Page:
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Quebec budget: investment in home care, fears about the private sector’s role

CUPE welcomes the 5-year $1.5 billion investment earmarked for home care in the budget tabled March 21 by Quebec Finance Minister, Éric Girard. These investments are a necessary step toward rebuilding the public health and social services system that was rocked by the Barrette-Couillard one-two punch. However, the government is clearly unwilling to funnel this money into the public system and can hire more support workers.

“The investment is good news, but now we need to make the most of it. To do so, we must follow the example set by British Columbia, which has just brought home support work back in-house under the province’s health authorities. In Quebec, we’ve seen terrible results with private agencies and social enterprises,” said Frédéric Brisson, president of CUPE Quebec’s social services council.

“We know what we get with private home care: more staff turnover, less training and poor integration into the public system. This means lower quality and less stability for patients. Health and social service support workers in the public system are much better connected with occupational therapists, physiotherapists, social workers, and so on,” added Frédéric Brisson.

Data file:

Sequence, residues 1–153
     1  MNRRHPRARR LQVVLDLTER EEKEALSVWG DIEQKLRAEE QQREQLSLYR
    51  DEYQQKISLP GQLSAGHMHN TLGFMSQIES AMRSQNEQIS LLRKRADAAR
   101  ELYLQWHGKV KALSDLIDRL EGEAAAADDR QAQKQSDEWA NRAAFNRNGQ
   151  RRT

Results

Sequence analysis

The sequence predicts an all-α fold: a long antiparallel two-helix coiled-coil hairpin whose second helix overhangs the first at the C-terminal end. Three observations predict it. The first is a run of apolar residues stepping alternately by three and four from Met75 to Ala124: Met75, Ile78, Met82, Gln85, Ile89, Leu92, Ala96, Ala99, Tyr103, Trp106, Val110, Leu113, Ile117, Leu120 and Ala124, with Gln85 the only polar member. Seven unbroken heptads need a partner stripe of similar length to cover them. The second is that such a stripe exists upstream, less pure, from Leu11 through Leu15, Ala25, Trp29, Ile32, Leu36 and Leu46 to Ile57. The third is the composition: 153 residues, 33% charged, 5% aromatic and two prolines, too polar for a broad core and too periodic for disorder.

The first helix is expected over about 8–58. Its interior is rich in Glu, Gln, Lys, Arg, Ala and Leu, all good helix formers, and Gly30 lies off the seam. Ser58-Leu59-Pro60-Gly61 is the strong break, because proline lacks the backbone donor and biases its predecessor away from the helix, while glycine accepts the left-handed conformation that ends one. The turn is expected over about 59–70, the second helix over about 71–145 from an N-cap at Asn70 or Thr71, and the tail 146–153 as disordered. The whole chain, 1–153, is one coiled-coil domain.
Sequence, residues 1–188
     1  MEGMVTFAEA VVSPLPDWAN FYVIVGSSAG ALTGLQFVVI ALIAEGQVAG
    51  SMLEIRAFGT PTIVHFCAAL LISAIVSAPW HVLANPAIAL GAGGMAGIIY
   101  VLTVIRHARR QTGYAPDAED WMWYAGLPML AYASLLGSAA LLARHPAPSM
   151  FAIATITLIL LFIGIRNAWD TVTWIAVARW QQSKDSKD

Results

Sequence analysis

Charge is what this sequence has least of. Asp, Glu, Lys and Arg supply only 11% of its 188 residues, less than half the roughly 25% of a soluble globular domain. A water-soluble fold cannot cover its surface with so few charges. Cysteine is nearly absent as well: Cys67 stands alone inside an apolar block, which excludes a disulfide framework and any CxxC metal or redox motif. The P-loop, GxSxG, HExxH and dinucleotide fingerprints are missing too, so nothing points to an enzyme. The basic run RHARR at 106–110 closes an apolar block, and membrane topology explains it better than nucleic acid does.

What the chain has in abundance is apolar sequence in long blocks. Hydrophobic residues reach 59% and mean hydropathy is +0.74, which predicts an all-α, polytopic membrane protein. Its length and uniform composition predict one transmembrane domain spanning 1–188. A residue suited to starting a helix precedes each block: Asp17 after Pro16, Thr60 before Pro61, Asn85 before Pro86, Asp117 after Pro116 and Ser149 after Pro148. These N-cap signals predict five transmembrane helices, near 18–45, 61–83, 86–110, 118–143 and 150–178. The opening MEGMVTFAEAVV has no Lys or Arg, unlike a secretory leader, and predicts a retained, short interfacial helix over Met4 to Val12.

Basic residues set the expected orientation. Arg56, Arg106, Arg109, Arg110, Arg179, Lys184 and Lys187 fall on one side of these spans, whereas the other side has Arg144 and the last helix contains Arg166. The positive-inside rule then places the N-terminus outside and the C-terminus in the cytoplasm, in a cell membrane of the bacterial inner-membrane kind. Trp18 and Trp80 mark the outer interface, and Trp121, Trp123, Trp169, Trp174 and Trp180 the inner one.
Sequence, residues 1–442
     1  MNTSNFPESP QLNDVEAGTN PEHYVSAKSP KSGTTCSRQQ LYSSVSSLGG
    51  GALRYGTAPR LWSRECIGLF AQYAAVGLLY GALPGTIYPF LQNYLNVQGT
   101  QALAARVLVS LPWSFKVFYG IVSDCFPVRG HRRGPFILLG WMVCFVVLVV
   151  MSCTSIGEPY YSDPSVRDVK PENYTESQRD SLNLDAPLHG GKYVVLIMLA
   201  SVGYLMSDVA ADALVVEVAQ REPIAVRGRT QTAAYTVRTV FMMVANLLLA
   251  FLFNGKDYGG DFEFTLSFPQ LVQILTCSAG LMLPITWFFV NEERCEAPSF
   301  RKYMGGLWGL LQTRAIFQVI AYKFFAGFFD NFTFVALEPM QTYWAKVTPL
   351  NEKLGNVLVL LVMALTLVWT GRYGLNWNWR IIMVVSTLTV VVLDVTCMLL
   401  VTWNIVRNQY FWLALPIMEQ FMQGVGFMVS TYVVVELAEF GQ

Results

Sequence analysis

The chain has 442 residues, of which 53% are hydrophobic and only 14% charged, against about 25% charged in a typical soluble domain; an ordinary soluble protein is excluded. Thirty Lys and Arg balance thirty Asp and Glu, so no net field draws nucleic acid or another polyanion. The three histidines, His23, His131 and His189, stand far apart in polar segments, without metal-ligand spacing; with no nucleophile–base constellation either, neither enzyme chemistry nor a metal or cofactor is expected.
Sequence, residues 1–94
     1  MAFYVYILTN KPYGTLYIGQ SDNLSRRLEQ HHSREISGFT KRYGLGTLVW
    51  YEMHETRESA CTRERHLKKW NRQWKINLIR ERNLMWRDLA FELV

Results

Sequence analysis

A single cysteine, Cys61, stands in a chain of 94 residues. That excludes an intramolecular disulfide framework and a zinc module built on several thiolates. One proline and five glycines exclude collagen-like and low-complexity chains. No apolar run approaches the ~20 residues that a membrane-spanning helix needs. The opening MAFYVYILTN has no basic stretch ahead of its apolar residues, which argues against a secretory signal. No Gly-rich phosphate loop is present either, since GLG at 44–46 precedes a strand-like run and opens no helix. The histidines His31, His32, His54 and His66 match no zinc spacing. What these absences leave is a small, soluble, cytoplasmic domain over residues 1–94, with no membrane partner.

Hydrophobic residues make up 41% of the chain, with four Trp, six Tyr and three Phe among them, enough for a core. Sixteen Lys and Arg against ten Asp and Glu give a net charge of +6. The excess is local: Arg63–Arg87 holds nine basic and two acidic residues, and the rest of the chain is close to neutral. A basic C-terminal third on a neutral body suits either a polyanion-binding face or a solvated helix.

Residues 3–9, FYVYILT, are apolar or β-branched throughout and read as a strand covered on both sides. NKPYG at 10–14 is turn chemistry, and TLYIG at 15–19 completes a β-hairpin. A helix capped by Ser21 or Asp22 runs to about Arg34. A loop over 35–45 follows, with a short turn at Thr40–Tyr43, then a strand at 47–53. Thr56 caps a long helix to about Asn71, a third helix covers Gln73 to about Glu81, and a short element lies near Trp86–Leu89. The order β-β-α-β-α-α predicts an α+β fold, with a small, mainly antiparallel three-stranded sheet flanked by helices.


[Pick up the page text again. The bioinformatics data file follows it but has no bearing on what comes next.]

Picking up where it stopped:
CUPE is also deeply concerned that the budget announces “increased financing to community organizations” under the heading of “health and social services,” which may be a signal the public system will be shedding some responsibilities. For these same reasons, the union is concerned about the terms for the establishment of the “seniors’ homes” the budget mentions.

In short, CUPE is pleased the Legault government fully recognizes the importance of home care in taking some of the pressure off the rest of the system and enabling patients to remain in their homes as long as possible. The union will continue to impress upon the new government just how important staying in the public system is to the future of accessible, universal, free and top-quality care.


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